Just like Snowpocalypse last year, I didn't expect the amount of snow we were granted with tonight.  Snowfall is even more impressive when it comes without warning (to me), so I was in awe every time I peered out our windows to greet the downpour.  I didn't get the best snapshot but you get the idea of the stillness on our inactive street.  What a beautiful scene!

Monday, February 14, 2011

Concert Anticipation

In the last 5 days I've been to 4 concerts. Tonight I add to the total. First I saw two friends' bands, Sleep Experiments and Whiskey Holler on Wednesday and Thursday. Then I saw Hellogoodbye on Saturday and Titus Andronicus on Sunday. Tonight is the crown jewel: Jimmy Eat World. All of these shows were fantastic in their own ways, being in a variety of venues (library, dive bar, ex-church, college ballroom, dance club, respectively) and featuring a variety of tunes and fans. Tonight, though, the anticipation is immense.

Jimmy Eat World is one of my all time favorites and they are still blowing it up after all these years. I first saw them in 2002 at Metropol (now Club Zoo) with some friends from Blade Runners when I was a junior in high school. They blew my mind. Energy, musicianship, songwriting; it was all emotionally moving. Fans were in love with what they saw on stage. Five years later I saw them at the Carnegie Library Music Hall in Homestead, which is arguably the coolest venue in Pittsburgh. They still had it down and were killing it on stage. There was a wide range of favorites played from almost every album dating back to 1999. But they stuck with what worked, which was the hits from Bleed American.

Tonight, the anticipation is high. After seeing four very different and very good bands this week, it all climaxes with one of the best. It's how you feel when you're about to run out for the opening tip of a basketball game. The butterflies are there, but you can't help jumping all over the room with excitement. I already saw the set lists from the last few shows, which has killed the mystery, but the fact is that even without the element of surprise Jimmy will still blow me away. I never get to shows early (except for the Avett Brothers), but I'll be there 30 minutes before the openers hit the stage because I don't want to miss a lick from David Bazan, either. I simply cannot wait to hear that first riff!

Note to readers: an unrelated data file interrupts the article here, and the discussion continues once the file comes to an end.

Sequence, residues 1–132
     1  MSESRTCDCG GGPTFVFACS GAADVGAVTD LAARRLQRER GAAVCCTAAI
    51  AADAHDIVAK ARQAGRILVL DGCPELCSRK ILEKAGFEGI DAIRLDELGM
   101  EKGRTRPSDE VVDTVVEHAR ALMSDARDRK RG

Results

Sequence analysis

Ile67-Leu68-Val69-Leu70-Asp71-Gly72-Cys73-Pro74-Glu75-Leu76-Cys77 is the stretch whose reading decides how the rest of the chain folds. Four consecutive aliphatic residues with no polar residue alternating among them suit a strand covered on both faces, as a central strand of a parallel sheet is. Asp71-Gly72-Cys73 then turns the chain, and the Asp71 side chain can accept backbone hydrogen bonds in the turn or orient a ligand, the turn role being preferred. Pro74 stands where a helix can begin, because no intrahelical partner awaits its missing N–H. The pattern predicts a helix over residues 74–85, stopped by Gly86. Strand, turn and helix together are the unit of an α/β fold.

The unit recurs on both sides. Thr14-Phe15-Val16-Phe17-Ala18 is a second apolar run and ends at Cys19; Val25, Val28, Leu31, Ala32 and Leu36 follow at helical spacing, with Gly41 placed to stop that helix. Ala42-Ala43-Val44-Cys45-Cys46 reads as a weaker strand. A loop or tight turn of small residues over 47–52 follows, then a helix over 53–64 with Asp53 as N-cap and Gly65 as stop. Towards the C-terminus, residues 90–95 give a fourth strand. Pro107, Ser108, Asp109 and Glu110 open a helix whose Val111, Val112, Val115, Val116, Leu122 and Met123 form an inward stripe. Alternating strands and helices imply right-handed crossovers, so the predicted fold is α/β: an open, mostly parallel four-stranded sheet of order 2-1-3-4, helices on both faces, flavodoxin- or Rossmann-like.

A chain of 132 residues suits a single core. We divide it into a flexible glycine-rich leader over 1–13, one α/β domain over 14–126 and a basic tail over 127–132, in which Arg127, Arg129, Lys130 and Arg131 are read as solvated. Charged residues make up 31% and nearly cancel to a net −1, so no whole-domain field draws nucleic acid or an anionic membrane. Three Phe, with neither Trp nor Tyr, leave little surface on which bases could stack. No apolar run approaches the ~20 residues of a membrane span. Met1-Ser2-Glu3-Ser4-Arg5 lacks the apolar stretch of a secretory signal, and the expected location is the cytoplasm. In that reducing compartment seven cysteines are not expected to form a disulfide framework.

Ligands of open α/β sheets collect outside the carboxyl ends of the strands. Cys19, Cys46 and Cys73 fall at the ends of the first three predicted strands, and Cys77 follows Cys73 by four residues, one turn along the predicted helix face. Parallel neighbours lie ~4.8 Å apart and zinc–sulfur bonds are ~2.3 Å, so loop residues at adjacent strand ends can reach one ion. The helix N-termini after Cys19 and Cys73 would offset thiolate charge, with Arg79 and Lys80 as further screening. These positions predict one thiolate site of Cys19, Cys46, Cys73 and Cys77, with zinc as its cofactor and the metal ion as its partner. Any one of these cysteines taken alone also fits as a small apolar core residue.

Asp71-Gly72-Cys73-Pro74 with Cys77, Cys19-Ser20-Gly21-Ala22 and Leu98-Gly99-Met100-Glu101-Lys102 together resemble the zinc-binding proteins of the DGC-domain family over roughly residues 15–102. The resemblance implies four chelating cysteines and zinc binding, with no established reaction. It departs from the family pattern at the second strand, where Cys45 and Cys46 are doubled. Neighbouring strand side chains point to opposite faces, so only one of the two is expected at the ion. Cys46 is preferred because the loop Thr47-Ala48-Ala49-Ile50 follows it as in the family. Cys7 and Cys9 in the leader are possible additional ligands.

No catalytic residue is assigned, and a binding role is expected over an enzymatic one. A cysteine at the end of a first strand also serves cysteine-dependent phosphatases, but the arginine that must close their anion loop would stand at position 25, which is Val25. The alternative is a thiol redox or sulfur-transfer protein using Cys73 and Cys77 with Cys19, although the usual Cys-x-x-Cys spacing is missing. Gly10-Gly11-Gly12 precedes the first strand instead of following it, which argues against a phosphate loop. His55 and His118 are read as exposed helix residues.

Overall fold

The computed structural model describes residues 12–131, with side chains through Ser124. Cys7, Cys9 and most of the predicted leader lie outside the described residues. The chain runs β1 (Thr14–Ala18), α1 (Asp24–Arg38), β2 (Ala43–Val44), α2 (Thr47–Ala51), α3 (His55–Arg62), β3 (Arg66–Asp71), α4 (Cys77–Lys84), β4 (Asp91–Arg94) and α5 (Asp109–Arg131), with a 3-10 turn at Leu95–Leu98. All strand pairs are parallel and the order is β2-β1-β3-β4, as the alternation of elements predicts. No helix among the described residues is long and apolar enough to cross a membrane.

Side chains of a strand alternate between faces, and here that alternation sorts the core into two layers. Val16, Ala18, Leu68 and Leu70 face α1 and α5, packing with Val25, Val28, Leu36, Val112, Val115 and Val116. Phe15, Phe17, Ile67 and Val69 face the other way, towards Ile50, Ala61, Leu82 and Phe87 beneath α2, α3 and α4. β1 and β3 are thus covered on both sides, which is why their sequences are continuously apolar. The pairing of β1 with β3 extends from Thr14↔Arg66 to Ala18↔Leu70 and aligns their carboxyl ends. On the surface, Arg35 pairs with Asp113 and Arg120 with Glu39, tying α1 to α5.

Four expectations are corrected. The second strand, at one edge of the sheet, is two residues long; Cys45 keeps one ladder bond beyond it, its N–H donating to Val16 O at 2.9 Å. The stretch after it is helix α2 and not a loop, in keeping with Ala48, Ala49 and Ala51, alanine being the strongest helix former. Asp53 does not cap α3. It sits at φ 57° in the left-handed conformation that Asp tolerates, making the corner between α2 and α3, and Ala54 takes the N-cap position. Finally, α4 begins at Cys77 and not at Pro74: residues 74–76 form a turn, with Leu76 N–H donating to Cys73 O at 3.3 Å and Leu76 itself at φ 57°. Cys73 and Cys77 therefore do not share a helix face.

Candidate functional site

What makes you so excited that you bounce off the walls in anticipation?

Sunday, February 13, 2011


I feel left behind on the food-blog front, so I thought I'd give you all the simplest recipe I know and can do well: haluski!

Haluski is a traditional eastern European dish with a few cheap main ingredients: cabbage, noodles, and butter (plus onions, usually). I like to make it for the potluck dinner night at church because it's simple, doesn't take long, and can be healthy depending on how much butter is used.

one medium green cabbage
one medium white onion
one bag of egg noodles, 12-16 oz
butter, to taste
minced garlic

Today's optional ingredients:
1/2-1 green pepper

Boil 3 quarters of water to start
Add noodles and cook to desired firmness

Quarter and chop cabbage, preferably into a 1"x1" size
Chop onion (and other veggies) into small pieces
Saute cabbage and vegetables separately using butter, vegetable oil, or olive oil (preferred)
Add garlic and other spices to taste (or after combining everything)

Drain noodles and return to pot
Add sauteed cabbage and vegetables to noodles
Add spices again, to taste
Add butter, to taste (approximately 1/2 stick)

Mix and enjoy!

Saturday, February 12, 2011

Female Lead Singers

Lately I've been really into indie bands with female vocalists. I used to strongly prefer male vocalists, but bands like Gold Motel, Turning Violet Violet (Philly) Big Hurry, and Sleep Experiments (the latter two from Pittsburgh) have been tugging at my heart strings lately. There is a certain combination of sensuality, compassion, and emotion that naturally shines through on female vocals. And, let's be honest, females have much prettier voices than the nicest male vocalist.

The girls in these and other bands add a sense of innocent fun to the mix. The tracks give that light-hearted, soft, beautiful feeling when these ladies sing with their heart. Having these women leading the charge makes you feel lot less like it's a boy's club that they're a part of. Without them, these bands wouldn't exist. The strength in hearing their words coming from their mouths instead of a male vocalist gives you that "independent woman" sense that Beyonce brought along, only in a more behind-the-scenes "I don't need to say I'm an independent woman to be independent" sort of way.

My favorite, and biggest crush in music, is Emily Moore, who also plays for the band fun.. Check her Myspace. My favorite track is "Tough Luck". Jack is sweet and Ginger's lookin' mighty fine...

Who is your favorite band with a female lead vocalist?

Thursday, February 10, 2011